State-to-state disparities in laws on handling unclaimed financial assets have led to decades of efforts at greater uniformity, but limited success.
There is a piece of model legislation — the Uniform Unclaimed Property Act of 1995 — but only 15 states have enacted it. Many other states enacted earlier versions, drafted in 1954 and 1981. But some of the biggest states — including California, New York and Texas — have never adopted any version. Neither has Delaware, the legal home to more major U.S. corporations than any other state.
The Uniform Law Commission, which seeks to standardize state laws, has formed a committee to draft a new uniform unclaimed property act. Its deliberations have been strained.
Michael Houghton, a Delaware lawyer who co-chairs the revision committee, expressed hope that the end result would be a better uniform law, but he acknowledged there were “very strong differences of opinion” between state officials who administer unclaimed property and powerful organizations representing the “holders” — the banks, insurance companies and other businesses that have possession of assets, such as abandoned accounts, that do not belong to them.
The business groups are wary of states trying to maximize revenue from unclaimed property, and have proposed several changes. For example, they want unused gift cards and business-to-business transactions exempted from the definition of unclaimed property, and they want to ban the states’ use of contingency fees to compensate private auditors who — in the view of some business groups — become overzealous.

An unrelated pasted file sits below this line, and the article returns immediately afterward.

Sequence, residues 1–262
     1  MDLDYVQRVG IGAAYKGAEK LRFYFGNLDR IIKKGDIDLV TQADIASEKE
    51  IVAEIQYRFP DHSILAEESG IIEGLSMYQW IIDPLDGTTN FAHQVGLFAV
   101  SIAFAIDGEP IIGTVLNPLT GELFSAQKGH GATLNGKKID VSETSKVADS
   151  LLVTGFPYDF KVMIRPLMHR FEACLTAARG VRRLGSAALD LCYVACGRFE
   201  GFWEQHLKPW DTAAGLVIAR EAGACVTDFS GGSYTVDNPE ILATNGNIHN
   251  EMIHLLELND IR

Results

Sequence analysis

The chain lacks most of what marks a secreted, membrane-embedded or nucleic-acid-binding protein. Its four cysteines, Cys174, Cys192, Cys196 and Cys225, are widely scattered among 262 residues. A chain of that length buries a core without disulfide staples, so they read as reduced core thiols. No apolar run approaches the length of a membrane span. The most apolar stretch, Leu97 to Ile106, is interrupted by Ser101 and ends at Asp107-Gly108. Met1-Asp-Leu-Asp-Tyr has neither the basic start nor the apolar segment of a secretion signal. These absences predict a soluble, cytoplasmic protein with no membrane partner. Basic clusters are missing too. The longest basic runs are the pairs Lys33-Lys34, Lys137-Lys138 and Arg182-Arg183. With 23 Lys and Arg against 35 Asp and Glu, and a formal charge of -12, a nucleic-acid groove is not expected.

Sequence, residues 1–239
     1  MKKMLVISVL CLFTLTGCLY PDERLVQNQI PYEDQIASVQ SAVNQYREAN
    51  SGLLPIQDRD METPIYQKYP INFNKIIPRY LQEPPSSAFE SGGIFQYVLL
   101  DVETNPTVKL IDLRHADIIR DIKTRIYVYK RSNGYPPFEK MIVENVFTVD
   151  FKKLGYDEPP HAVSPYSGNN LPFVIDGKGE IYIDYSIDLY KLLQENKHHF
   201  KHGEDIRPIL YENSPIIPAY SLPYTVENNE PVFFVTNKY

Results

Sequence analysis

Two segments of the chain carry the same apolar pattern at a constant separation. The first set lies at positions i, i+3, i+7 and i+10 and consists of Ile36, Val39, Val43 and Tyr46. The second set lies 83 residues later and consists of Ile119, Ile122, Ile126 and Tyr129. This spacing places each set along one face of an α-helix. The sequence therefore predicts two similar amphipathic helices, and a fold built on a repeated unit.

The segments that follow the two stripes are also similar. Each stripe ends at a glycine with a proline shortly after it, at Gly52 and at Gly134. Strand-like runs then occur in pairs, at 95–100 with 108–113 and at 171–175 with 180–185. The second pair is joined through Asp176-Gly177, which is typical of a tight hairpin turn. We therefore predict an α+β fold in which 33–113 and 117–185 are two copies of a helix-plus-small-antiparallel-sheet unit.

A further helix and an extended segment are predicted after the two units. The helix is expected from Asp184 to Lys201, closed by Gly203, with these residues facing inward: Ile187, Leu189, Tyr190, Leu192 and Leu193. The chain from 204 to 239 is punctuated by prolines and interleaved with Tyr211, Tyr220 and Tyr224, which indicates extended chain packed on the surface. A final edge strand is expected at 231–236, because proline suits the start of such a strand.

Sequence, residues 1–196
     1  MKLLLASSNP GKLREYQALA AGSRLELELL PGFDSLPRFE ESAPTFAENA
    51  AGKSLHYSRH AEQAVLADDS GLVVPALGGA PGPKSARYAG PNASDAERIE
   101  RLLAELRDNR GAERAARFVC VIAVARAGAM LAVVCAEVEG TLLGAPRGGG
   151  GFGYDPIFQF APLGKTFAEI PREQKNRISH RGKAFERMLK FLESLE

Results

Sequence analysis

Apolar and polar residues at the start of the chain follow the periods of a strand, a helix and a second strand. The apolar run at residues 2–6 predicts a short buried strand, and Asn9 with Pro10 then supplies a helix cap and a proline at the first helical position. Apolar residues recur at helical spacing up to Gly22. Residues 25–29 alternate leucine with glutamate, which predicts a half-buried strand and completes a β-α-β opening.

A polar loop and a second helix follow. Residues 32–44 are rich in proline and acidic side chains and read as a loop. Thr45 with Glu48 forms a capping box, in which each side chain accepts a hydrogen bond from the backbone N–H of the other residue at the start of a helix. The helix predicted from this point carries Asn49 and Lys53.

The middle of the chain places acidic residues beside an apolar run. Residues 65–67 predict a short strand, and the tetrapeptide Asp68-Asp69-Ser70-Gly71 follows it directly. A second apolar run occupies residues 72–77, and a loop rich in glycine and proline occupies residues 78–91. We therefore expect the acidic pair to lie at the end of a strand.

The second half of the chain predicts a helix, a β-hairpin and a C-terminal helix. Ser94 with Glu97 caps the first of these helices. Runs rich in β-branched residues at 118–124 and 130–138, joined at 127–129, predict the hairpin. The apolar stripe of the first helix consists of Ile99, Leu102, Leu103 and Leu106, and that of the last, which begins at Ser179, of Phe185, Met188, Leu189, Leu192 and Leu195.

“Contingent-fee audit arrangements encourage auditors to be overly aggressive, to interpret state laws to their own advantage, to ‘cherry pick’ audit targets,” said the Council on State Taxation, which represents major interstate corporations.
The states, on the other hand, depict themselves as more diligent than the holders in trying to locate owners and return unclaimed property to them. The National Association of Unclaimed Property Administrators, an affiliate of the state treasurers’ association, said in a recent position paper that most of the changes proposed by the holders are “anti-consumer.”
“To be successful, this product has to be balanced and address both constituencies,” Houghton said.